I plan to raise my sons to prepare for marriage young.  Not because I am old fashioned, but for other reasons.  But the biggest one is for them not to fear.  My experience has been that there should be no fear to marrying young.  Caution, yes, but not fear.  Let me tell you my experience. Read the rest of this entry »


Family Discipleship Plan

by admin

BibleI have not been satisfied with any devotional ever, and my kids hate sitting still for Bible stories. But I am convicted that I need to take my job as the leader of this household seriously and set the example and pattern for growing in the Lord.

To that end, I am starting today. I am starting a morning Bible time with my older boys, and plan to get the younger ones involved as they learn to read.

I have given each of them a small notebook. In this notebook, I am asking them to, before they eat, before they shower, before they play a game in the morning, take their Bible, pick a chapter, read it and then answer these three questions:

1. What does it say?
2. What does it mean?
3. What is God trying to teach me through this passage?

Then, after breakfast, I am going to get them to share their #3 with me and their brothers, so we can learn from each other.

That’s the plan. My hope and prayer is that we can develop a family pattern in the month of August before school starts, so that it is fixed and routine by then.


Defining Manliness: Living Under Authority

by admin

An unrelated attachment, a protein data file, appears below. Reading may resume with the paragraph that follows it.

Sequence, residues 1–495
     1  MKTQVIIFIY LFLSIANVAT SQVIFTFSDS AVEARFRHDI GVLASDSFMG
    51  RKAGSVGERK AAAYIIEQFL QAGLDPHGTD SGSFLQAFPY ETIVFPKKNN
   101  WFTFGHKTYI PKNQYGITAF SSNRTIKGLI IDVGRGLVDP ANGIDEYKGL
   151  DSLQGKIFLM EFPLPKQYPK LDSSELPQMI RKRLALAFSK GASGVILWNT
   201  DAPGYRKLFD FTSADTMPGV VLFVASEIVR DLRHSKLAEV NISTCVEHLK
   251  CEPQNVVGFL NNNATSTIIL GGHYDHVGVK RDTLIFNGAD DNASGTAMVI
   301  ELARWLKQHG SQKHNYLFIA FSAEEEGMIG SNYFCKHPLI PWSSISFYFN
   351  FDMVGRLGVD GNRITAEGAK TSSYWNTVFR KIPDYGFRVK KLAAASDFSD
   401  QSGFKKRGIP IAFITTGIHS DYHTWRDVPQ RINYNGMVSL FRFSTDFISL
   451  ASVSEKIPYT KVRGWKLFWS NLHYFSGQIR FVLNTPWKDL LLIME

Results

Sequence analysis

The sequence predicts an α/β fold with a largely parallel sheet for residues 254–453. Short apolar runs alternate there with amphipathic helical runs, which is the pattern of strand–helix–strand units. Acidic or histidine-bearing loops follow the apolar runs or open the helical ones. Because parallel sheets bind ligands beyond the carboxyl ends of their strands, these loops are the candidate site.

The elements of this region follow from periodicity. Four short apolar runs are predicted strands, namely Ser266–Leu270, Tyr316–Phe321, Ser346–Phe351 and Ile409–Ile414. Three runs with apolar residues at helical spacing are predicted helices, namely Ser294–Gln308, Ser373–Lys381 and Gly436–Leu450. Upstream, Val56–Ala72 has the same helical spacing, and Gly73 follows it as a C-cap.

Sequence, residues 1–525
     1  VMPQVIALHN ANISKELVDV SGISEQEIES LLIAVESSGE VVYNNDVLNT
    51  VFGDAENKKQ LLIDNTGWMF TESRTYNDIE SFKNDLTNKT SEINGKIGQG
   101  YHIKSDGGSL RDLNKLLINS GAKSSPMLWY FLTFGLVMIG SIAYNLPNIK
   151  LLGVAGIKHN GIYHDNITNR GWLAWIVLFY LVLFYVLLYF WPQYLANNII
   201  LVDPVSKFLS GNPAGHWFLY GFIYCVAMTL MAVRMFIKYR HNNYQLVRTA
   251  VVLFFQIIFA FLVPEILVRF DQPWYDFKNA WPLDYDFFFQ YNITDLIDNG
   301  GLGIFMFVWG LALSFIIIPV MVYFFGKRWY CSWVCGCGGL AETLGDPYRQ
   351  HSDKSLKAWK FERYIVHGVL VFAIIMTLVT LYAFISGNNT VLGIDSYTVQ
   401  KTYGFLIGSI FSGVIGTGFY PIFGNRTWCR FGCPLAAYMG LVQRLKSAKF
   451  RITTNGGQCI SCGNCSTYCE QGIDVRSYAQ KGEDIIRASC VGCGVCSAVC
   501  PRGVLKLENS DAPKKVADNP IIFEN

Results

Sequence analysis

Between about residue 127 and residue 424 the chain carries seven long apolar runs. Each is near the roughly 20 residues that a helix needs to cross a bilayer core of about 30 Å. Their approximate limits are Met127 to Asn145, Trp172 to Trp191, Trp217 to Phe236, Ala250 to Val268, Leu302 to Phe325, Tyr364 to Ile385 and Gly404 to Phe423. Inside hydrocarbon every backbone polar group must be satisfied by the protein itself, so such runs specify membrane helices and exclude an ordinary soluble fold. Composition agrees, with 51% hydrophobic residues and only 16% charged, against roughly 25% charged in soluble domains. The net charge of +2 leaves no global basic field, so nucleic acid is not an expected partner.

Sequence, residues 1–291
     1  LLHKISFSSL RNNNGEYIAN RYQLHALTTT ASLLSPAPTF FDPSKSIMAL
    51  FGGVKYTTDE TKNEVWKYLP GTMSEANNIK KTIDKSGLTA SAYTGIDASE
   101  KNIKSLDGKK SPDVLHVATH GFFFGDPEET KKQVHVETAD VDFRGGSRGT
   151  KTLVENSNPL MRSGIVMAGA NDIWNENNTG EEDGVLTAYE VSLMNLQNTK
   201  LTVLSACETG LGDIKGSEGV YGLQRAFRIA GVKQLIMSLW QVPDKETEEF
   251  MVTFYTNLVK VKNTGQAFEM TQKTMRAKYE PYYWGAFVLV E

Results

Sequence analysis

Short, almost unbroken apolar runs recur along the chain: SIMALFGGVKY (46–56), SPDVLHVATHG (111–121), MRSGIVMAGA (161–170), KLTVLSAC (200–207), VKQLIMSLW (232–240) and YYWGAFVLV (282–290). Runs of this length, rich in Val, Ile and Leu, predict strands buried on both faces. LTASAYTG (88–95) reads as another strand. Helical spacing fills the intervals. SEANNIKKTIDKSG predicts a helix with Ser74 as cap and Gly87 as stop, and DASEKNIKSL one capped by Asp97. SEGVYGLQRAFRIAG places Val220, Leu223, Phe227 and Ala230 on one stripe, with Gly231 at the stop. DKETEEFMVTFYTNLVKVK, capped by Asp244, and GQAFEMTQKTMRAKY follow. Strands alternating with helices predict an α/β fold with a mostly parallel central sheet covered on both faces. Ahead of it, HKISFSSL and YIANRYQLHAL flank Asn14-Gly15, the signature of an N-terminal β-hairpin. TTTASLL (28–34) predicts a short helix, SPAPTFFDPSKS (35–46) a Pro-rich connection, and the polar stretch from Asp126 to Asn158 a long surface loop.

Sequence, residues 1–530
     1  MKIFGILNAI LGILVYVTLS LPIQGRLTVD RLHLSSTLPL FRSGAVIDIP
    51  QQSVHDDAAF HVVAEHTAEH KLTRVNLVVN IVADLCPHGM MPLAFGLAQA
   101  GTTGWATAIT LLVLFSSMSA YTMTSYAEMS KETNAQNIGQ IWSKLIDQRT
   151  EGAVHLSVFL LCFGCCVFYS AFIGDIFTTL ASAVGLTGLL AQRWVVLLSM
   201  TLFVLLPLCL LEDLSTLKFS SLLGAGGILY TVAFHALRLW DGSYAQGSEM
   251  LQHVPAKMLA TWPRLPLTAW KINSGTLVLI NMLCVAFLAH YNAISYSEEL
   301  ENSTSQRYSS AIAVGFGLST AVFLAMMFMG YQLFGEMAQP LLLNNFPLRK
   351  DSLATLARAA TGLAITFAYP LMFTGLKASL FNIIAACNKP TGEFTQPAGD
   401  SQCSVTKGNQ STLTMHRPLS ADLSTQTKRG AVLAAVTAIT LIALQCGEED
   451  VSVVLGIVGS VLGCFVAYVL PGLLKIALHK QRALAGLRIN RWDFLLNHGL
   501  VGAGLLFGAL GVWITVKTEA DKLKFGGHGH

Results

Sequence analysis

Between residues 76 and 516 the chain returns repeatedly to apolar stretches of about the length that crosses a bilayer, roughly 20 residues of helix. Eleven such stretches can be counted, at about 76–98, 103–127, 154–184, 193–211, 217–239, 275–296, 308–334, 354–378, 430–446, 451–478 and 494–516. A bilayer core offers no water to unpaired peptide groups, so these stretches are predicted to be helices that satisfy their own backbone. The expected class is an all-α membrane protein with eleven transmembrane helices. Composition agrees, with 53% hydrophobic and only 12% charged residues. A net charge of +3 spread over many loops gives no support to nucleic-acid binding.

When he (Jesus) had entered Capernaum, a centurion came forward to him, appealing to him, “Lord, my servant is lying paralyzed at home, suffering terribly.” And he said to him, “I will come and heal him.” But the centurion replied, “Lord, I am not worthy to have you come under my roof, but only say the word, and my servant will be healed. For I too am a man under authority, with soldiers under me. And I say to one, ‘Go,’ and he goes, and to another, ‘Come,’ and he comes, and to my servant, ‘Do this,’ and he does it.” When Jesus heard this, he marveled and said to those who followed him, “Truly, I tell you, with no one in Israel have I found such faith. I tell you, many will come from east and west and recline at table with Abraham, Isaac, and Jacob in the kingdom of heaven, while the sons of the kingdom will be thrown into the outer darkness. In that place there will be weeping and gnashing of teeth.” And to the centurion Jesus said, “Go; let it be done for you as you have believed.” And the servant was healed at that very moment.

(Matthew 8:5-13 ESV)

I just got home from one of the most amazing experiences of my life.  Our family vacation this year was one of great reflection and also seeing life from a profoundly different perspective.  I am still digesting everything we did and learned.  I know the kids had a good time but I don’t think they realize what a watershed this trip was.

While I was travelling I was thinking a lot about the hand that God has dealt us.  In some ways it is nontraditional.  In some ways it is very traditional.  At least, it could be.  And that is what I am unpacking.

Being the father of 6 boys, I have been wrestling for year with how to teach them what it means to be a man – but not just a man, a mature man, a man who is everything that God wants Him to be.  In many ways I have let them down in modelling this for them, but I am trying very hard to change.